Barely two days after Digital Currency Group (DCG) claimed it had settled all debts owed to cryptocurrency lender Genesis, a group of Genesis creditors approached a New York court claiming DCG didn’t fulfill the loan’s repayment terms.
Recall that embattled venture capital firm DCG recently announced paying around $700 million to Genesis to settle all the loans DCG owed to the creditors. The $700 million repayment was part of the agreements in a settlement that saw Genesis drop all existing lawsuits against DCG.
Since Genesis owed over $3.5 billion to a diverse set of creditors, the $700 million could’ve brought significant relief to the embattled company if it could liquefy the funds to settle creditors.
It isn’t the first time Genesis would be partially accepting loan repayment from DCG. During the 2022 FTX collapse, DCG repaid part of its Bitcoin loans to Genesis with GBTC, with the latter raising a similar alarm about the unfeasibility of liquefying the purported repayment.
Why is Genesis Raising the Alarm?
Approaching the Southern District of New York Bankruptcy Court, the creditors informed the court that the loan in question was in USD and BTC disbursements, and the Partial Repayment Agreement doesn’t permit them to repay the funds in assets, not USD or BTC.
Rather than repay their loan obligations in USD or BTC, DCG made the repayment in Grayscale Ethereum Classic Trust (ETCG) and Grayscale Ethereum Trust (ETHE), allegedly contravening the provisions of the Partial Repayment Agreement.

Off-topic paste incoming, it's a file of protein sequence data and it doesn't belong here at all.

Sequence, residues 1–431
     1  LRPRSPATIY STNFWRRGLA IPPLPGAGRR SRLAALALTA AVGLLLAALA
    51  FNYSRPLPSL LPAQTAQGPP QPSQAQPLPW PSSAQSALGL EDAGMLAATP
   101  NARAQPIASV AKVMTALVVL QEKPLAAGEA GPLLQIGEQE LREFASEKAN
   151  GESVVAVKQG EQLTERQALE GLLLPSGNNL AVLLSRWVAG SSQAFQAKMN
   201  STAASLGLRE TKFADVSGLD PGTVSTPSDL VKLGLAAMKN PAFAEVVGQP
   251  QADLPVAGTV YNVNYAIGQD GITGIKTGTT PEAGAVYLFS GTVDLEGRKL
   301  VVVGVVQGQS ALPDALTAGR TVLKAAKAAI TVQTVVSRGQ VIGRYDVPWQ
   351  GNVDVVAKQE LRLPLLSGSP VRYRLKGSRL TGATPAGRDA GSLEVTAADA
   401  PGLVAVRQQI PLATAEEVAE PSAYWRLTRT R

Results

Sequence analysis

Describing the assets as “illiquid instruments,” the Genesis creditors explained how both assets are selling at massive discounts, making it impossible for the crediting firm to realize the apparent value of both crypto assets.
In the filing, Genesis explained how it plans to monetize the ‘illiquid instruments,’ purchase BTC, and have DCG cover the entire conversion cost after accounting.
How did DCG Incur the debt?
Court complaints filed by Genesis against DCG last year claimed the latter received loans over $500 million from the lending group in 2022, which was due for repayment by May 2023. According to the court documents, DCG received the loan in four tranches throughout 2022, and Genesis has managed to default on repayment for each of the four loans.
DCG and Genesis are among a group of fintech companies that suffered the devastating backdrop of the 2022 FTX collapse, as Genesis had filed for a Chapter 11 Bankruptcy in January 2023.
The Rabbit Hole Gets Deeper
Taking a $500 million loan from a practically bankrupt company raises eyebrows, and it’s no surprise that there’s more to it than meets the eye. It all started in 2022 when Genesis became insolvent after experiencing difficulties recovering loans from some high-ticket lenders.
Practically bankrupt, Genesis was on the verge of declaring bankruptcy when it got a bailout from an offer from the DCG CEO—except it wasn’t in cash. The bailout was in the form of a so-called ‘promissory note’ that’s only redeemable after a decade, and interestingly, Genesis’s CEO marketed it as a ‘current asset’ to stakeholders.
With the backing of a massive ‘current asset’ in Genesis, DCG started withdrawing capital from Genesis, taking a whopping 18,697.7 BTC at a 3.85% annual interest rate. Eventually, it became the loan in contention.
The FTX collapse happened, and Genesis desperately needed capital to settle creditors. The situation has worsened since DCG’s purported bailout.
DCG did effect a part repayment of the loan, but it was also in ETHE and ETCG, which prompted an alarm from Genesis, who made no legal attempt to challenge the payment at that time.
DCG will likely not concede to Genesis’s claims, and the row might be up to the New York Bankruptcy Court to decide.
Two of Genesis’s primary claims are true: DCG withdrew the loan in Bitcoin, and ETHE and ETCG are currently relatively illiquid. Since they’ve accepted partial repayment from DCG in ETHE and ETCG in the past, it remains uncertain if the New York Court will rule in the plaintiff’s favor.